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The British government on Friday announced a new head for the country's biggest police force, ordering him to rebuild public trust after a spate of scandals.
Home Secretary Priti Patel said Mark Rowley had been appointed as the next commissioner of London's Metropolitan Police.
Patel called Rowley, a former head of the Met's counter-terrorism unit, a "distinguished and exceptionally experienced police officer".
But she said the commissioner's job was "one of the most important and demanding jobs in policing", particularly giving the force's recent "failings".
"Rebuilding public trust and delivering on crime reduction must be his priority," she said in a statement.
Rowley, 57, said he was "deeply honoured" by the appointment, which puts him in charge of more than 43,000 police officers and staff, and a budget of £3.24 billion ($3.9 billion).
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The Met polices a population of more than eight million people over 620 square miles (1,605 square kilometres) of Greater London.
Scotland Yard, as the force is also known, was last month placed in special supervision by a police watchdog body for failing to hit standards targets.
Former commissioner Cressida Dick stood down in February having lost the backing of London mayor Sadiq Khan after months of pressure over the conduct of her officers.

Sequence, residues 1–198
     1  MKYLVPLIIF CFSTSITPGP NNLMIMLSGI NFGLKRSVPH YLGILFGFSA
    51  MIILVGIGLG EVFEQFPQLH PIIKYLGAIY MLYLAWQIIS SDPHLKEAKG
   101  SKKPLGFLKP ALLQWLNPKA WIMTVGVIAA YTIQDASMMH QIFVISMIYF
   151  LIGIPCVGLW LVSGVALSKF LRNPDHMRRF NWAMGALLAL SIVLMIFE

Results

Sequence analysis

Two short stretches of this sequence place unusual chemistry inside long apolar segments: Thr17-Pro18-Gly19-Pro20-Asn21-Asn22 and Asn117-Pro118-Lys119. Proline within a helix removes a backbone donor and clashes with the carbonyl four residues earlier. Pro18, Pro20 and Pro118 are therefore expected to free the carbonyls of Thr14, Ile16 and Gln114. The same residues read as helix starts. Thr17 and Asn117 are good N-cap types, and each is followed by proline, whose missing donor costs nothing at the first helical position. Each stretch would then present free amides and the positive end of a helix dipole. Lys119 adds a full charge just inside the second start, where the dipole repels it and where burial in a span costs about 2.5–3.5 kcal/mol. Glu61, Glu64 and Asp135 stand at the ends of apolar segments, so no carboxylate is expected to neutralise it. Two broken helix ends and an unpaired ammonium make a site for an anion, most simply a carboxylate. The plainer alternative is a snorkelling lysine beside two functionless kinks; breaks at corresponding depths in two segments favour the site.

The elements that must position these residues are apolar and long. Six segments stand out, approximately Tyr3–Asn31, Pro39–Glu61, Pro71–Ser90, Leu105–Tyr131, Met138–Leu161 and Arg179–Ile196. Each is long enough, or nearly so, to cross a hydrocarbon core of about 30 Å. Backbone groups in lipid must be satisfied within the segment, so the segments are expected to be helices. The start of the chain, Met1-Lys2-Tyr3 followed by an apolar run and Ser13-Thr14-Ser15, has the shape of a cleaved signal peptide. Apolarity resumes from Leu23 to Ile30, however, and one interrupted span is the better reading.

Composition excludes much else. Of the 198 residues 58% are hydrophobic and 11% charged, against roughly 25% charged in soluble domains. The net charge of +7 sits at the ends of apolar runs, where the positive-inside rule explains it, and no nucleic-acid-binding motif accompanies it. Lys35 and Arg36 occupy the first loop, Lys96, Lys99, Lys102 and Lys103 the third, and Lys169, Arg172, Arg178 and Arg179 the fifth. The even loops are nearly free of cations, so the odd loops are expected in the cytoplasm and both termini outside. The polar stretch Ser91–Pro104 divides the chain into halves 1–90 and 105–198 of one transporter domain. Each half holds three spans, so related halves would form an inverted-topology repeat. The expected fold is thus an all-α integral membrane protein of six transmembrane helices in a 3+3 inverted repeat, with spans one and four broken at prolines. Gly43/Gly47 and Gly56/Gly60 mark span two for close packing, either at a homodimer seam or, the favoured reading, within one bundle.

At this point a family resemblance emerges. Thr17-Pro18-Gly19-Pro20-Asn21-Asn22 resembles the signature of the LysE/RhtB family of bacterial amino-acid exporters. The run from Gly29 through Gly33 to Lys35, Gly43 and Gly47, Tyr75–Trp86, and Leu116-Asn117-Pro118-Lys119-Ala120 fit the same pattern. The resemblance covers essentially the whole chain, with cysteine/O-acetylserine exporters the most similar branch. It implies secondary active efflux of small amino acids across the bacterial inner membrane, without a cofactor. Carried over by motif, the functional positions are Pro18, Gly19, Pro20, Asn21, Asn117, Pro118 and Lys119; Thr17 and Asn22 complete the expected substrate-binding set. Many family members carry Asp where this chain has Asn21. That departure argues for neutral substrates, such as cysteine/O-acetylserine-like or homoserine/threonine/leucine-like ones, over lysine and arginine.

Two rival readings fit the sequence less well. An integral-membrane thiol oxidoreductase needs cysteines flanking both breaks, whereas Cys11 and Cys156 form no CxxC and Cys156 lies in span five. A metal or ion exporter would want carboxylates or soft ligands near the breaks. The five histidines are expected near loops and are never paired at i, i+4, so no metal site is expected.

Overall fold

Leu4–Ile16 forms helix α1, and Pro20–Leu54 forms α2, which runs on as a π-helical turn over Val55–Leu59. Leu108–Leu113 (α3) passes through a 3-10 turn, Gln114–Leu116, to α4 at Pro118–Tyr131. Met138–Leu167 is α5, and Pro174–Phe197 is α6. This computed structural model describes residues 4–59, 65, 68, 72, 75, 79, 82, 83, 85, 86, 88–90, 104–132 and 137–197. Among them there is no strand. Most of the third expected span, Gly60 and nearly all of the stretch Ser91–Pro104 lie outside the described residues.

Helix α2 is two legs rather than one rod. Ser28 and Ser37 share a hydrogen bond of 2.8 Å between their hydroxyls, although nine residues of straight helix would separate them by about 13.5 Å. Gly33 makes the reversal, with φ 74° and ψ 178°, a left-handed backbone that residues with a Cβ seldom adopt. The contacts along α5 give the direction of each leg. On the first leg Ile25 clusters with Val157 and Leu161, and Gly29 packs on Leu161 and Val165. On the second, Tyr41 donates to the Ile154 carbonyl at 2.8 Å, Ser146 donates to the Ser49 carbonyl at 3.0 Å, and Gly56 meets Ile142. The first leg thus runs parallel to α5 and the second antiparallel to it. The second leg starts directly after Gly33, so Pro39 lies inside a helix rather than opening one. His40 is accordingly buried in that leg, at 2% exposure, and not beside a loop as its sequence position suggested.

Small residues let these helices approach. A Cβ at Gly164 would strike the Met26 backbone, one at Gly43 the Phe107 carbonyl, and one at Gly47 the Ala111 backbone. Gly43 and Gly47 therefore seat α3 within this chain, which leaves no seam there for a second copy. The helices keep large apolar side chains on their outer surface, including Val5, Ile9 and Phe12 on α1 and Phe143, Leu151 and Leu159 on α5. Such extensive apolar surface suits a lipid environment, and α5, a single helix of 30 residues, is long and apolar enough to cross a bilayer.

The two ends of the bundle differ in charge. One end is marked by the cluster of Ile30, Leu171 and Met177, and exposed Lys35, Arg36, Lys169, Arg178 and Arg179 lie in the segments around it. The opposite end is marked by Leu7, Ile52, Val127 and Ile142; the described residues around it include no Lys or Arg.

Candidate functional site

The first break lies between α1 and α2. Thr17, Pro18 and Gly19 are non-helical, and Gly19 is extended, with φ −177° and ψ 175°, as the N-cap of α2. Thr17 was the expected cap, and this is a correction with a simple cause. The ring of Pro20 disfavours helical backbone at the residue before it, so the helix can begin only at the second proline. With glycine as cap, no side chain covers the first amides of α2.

Chief among them was the jailing of a diplomatic protection squad member for the high-profile kidnap, rape and murder of a young woman -- and the heavy-handed policing of a vigil for her.
Other officers have been convicted of taking unauthorised photographs of murder victims at crime sites, as well as the sharing of racist and abusive messages on social media and messaging apps.
Rowley promised to "lead the renewal of policing by consent which has been so heavily dented in recent years as trust and confidence have fallen".
He vowed to be "ruthless in removing those who are corrupting our integrity".
The officer has more than 30 years' experience and previously served as chief constable of Surrey Police in southeast England.
He joined the Met in 2011 and led its response to terror attacks in 2017, when a van smashed into pedestrians on London Bridge before three assailants went on a stabbing spree.
Eight people were killed and about 50 were hurt in the attack, which was claimed by the Islamic State group.
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